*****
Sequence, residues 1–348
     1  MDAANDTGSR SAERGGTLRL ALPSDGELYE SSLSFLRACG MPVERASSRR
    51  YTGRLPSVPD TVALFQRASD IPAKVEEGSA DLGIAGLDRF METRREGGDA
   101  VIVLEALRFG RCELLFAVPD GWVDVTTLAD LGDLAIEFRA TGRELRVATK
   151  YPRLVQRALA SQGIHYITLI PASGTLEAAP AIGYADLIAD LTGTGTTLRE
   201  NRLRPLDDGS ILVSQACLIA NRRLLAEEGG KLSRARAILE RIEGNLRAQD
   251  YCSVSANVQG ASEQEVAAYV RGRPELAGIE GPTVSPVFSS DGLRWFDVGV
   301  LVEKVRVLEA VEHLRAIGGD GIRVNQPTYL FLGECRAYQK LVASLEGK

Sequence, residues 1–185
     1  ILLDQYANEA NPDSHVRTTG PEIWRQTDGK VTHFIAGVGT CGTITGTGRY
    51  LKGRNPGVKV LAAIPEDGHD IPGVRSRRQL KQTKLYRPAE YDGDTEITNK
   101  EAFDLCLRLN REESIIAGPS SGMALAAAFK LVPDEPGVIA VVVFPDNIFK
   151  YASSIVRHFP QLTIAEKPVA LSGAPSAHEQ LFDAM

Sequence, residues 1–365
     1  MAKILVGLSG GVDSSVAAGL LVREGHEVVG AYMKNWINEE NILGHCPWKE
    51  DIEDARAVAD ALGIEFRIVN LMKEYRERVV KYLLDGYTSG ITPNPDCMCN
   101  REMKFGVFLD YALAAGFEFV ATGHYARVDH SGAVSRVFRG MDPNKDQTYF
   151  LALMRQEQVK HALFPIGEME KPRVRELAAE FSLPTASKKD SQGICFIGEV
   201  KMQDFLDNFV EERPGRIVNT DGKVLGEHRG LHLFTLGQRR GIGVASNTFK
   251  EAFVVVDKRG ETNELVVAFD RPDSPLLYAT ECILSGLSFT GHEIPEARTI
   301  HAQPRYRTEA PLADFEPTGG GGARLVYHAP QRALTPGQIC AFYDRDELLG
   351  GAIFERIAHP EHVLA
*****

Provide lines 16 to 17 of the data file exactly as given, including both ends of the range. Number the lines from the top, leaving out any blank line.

    51  DIEDARAVAD ALGIEFRIVN LMKEYRERVV KYLLDGYTSG ITPNPDCMCN
   101  REMKFGVFLD YALAAGFEFV ATGHYARVDH SGAVSRVFRG MDPNKDQTYF